I received a few guesses for the four pitchers named in the Sports Illustrated list of 15 best pitching seasons.
Everyone nailed down the four pitchers names, but only one person correctly identified the year picked out by SI. Half-congrats to Andrew Fletcher of Scott Proctor's Arm.
The pitchers, and the years they had their best season are:
Tom Seaver, 1971.
Dwight Gooden, 1985.
Pedro Martinez, 2000.
Johan Santana, 2005.
Here are the blurbs:
Seaver won three Cy Youngs, but his best season may have been in a year in which he didn't win the award. In 1971, "Tom Terrific" validated his nickname by leading the league in ERA (1.76) and strikeouts (289) while going 20-10 for the Mets.
Few pitchers have burst onto the scene with as much promise and dominance as Dwight Gooden. "Doc" was a mere 20 years old and in just his second big-league season when he cut through the National League in 1985, going 24-4 with a 1.53 ERA, eight shutouts and 268 strikeouts.
Pedro Martinez's power pitching style was on full display during the 2000 season in which he won 18 games, posted a 1.74 ERA, hurled seven complete games, and whiffed 284 hitters. He also set a number of marks. His WHIP was 0.74, breaking a 77-year-old record set by Walter Johnson, and he also became the only starting pitcher to have more than twice as many strikeouts in a season (284) as hits allowed (128). The only question: How did he lose six times?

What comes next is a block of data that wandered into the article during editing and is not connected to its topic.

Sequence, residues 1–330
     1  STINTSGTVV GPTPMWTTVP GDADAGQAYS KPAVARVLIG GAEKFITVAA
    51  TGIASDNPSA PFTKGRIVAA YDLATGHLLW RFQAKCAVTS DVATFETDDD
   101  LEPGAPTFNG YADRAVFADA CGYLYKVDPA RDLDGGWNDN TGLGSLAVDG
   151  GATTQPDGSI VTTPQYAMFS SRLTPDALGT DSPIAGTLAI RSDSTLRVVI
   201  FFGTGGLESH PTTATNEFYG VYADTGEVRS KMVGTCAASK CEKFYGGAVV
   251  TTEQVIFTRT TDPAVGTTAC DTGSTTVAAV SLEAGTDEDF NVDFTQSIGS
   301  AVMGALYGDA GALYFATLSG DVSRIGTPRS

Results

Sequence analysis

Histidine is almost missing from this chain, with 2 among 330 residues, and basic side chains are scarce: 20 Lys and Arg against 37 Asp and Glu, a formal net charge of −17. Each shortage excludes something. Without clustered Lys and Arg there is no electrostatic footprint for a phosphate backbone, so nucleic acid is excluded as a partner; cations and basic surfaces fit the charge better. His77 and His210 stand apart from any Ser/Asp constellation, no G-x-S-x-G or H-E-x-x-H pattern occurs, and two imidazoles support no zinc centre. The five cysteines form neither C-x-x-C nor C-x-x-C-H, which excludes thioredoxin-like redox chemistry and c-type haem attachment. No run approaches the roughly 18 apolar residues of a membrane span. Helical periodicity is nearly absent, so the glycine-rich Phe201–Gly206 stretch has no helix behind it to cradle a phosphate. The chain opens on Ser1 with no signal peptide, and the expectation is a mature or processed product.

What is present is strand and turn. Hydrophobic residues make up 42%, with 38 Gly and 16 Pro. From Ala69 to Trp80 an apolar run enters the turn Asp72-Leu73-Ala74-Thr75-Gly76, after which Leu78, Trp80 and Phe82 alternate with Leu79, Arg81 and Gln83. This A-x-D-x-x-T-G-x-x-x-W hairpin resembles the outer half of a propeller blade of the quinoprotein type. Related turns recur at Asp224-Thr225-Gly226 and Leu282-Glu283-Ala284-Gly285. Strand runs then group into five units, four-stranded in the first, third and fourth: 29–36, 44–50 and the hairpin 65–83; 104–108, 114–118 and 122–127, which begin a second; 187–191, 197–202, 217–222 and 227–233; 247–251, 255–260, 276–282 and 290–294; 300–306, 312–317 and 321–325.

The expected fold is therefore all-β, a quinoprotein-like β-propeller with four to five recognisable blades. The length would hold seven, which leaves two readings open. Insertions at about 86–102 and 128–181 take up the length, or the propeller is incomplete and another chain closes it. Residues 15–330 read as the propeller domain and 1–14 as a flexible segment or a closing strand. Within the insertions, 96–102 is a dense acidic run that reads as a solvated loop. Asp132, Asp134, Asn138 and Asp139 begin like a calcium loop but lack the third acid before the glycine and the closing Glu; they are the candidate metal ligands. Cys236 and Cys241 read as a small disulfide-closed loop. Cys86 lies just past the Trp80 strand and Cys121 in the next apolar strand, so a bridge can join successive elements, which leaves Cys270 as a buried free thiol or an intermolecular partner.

During his first full season as a starter in 2004, Johan Santana enjoyed one of the best second halves of a season for a pitcher. He went 13-0 and achieved a 1.21 ERA to finish the season with a 20-6 record, 2.61 ERA and 265 strikeouts on the way to his first of two AL Cy Young awards.
I'm predicting John Maine being added to this list after this season.
Also, I left off a player who completed the task with another team, and later pitched on the Mets for one season. Orel Hershiser's 1988 season was recognized, which he pitched over 10 years before coming to the Mets.